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Hastings Looks for Answers
on Nuclear Waste Disposal

by Annette Cary
The News Tribune, October 21, 2009

Hanford city site on Columbia River (by Emmet Gowin: Changing the Earth) Rep. Doc Hastings, R-Wash., is asking the president how the nation plans to store or dispose of radioactive waste from the Hanford nuclear reservation and the Energy Northwest nuclear power plant.

The nation has spent $10 billion to $12 billion over the last 25 years to study Yucca Mountain, Nev., as a site for a national repository to dispose of used commercial nuclear fuel and high-level radioactive waste from Department of Energy defense sites, including Hanford.

But in February President Obama said that Yucca Mountain was not a suitable site for a national repository, as he had indicated he would when he campaigned in Nevada. Instead, he said he would launch a blue ribbon committee to lead federal efforts to look for disposal solutions based on "objective, scientific analysis."

Eight months later, appointment of a blue ribbon committee has yet to be announced, although DOE officials have said several times that it is pending.

"I write to inquire about the status of your plan to develop a new option for our nation's defense waste and commercial high-level nuclear spent fuel," Hastings wrote Obama on Tuesday.

Hastings asked how and when members of the blue ribbon commission will be selected and whether the commission will have the freedom to study any option it deems appropriate, including Yucca Mountain.

Hanford also was considered for a national repository for the nation's high-level radioactive waste before Yucca Mountain was picked, and Hastings wants to know if sites previously studied, such as Hanford, will be studied again.

He also would like to know how much the new studies will cost. The fiscal 2010 federal budget includes $197 million to continue studies on national nuclear waste disposal and establish the commission to evaluate disposal alternatives.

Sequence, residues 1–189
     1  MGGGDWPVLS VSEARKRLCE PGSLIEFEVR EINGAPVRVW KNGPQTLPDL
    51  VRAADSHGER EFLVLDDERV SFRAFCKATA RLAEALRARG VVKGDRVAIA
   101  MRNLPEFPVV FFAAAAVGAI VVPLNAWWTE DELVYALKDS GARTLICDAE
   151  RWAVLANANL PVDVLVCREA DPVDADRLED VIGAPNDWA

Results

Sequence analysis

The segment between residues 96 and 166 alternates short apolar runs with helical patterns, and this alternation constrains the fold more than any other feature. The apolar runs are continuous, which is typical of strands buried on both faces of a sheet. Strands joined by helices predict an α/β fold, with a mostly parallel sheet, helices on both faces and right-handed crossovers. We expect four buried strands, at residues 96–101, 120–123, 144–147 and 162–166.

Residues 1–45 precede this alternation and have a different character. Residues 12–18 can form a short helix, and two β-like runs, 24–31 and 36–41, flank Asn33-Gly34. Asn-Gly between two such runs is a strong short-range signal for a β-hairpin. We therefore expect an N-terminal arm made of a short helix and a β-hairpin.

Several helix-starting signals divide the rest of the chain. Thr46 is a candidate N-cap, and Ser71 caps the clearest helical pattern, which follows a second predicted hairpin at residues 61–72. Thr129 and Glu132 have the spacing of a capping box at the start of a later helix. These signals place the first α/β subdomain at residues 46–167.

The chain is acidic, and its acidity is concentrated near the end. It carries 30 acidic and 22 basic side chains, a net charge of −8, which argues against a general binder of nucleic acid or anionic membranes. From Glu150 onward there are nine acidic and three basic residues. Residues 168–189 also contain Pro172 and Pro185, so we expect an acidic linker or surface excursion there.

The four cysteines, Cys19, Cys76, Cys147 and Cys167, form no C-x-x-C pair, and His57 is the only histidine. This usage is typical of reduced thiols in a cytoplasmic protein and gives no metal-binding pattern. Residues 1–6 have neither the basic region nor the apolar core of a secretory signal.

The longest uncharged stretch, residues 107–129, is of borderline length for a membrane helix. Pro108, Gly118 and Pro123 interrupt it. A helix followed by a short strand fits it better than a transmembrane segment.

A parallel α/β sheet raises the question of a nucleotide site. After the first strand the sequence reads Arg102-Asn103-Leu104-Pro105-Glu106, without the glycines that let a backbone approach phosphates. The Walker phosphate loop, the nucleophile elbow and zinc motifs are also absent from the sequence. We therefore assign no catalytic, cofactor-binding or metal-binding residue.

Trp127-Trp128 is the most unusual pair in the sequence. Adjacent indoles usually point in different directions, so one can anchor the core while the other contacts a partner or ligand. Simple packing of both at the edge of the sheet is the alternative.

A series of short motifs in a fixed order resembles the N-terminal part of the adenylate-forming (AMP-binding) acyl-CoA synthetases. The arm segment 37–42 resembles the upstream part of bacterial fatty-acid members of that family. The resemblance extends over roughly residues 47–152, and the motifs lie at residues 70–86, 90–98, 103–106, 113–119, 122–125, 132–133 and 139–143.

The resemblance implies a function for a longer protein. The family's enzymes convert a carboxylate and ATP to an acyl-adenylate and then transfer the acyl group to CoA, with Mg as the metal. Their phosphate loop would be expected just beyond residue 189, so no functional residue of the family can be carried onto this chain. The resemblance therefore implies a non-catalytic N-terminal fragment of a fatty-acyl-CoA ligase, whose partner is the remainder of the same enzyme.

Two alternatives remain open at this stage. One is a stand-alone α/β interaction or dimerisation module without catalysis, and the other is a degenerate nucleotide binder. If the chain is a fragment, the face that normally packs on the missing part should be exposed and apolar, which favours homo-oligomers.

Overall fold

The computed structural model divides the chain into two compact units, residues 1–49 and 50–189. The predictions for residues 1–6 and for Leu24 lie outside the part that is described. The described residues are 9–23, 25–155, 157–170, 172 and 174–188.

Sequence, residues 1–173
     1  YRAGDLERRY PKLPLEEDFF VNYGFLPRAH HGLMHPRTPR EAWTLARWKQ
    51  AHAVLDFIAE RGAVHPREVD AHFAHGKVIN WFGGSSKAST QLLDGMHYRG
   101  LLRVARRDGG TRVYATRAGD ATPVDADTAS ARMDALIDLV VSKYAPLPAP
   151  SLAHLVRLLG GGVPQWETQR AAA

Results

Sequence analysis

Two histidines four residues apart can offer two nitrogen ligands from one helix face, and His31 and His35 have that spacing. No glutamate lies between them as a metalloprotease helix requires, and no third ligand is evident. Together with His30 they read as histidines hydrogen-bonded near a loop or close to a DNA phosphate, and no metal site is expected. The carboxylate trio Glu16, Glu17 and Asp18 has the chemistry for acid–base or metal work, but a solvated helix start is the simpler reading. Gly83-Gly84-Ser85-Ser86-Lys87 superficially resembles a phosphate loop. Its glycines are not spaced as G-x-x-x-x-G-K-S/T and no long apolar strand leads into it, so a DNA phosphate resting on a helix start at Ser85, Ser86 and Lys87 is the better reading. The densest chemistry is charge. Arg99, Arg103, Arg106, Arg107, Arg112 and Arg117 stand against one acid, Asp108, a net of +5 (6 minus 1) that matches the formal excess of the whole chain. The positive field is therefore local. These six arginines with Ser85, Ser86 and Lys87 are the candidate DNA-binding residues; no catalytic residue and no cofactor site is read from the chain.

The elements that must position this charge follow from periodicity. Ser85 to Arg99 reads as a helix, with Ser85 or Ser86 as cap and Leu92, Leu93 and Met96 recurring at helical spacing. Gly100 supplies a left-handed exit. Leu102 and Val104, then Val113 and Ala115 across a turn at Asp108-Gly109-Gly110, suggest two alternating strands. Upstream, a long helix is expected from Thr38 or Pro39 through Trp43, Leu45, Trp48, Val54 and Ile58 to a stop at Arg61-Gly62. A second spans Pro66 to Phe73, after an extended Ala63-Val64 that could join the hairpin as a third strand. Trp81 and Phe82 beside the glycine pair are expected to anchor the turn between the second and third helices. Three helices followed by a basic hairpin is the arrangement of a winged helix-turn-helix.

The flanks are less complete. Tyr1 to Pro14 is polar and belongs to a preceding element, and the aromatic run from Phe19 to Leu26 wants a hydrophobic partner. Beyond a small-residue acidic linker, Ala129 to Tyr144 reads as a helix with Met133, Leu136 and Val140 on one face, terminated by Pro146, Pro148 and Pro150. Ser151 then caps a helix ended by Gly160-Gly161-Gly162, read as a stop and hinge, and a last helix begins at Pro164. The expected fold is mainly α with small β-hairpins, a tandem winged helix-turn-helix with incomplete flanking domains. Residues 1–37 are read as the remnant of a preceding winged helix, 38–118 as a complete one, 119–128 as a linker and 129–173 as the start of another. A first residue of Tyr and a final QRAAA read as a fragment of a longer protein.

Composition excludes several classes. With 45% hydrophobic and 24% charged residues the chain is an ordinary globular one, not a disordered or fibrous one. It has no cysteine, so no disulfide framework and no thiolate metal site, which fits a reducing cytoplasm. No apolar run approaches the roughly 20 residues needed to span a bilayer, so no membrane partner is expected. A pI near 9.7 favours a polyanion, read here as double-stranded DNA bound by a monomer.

"I also request a complete explanation of the federal government's legal liabilities and obligations regarding both defense and commercial nuclear spent fuel given the additional delay in opening a national repository," Hastings wrote.

He said he supports moving forward with efforts to complete Yucca Mountain. If Obama believes there is a technical reason that Yucca Mountain is not feasible, then Hastings said he would like to hear the scientific justification.

"I am hopeful that as a blue ribbon panel is formed, this process will move forward in an open and transparent manner and that decisions will be based on science that covers all the nuclear waste intended for Yucca Mountain," Hastings wrote.

Hanford officials have been planning to send the nuclear reservation's high-level radioactive waste to Yucca Mountain. That includes millions of gallons of wastes stored in underground tanks.

Up to 53 million gallons of the tank wastes will be separated into high-level and low-activity radioactive waste at the $12.3 billion vitrification plant under construction at Hanford, where it then will be turned into a stable glass form for disposal.

The glassified high-level waste will have to be stored at Hanford until the nation has a place for its disposal, and Hanford watchdog groups and some Tri-City leaders are concerned about Hanford becoming a de facto long-term repository.

Annette Cary
Hastings Looks for Answers on Nuclear Waste Disposal
The News Tribune, October 21, 2009

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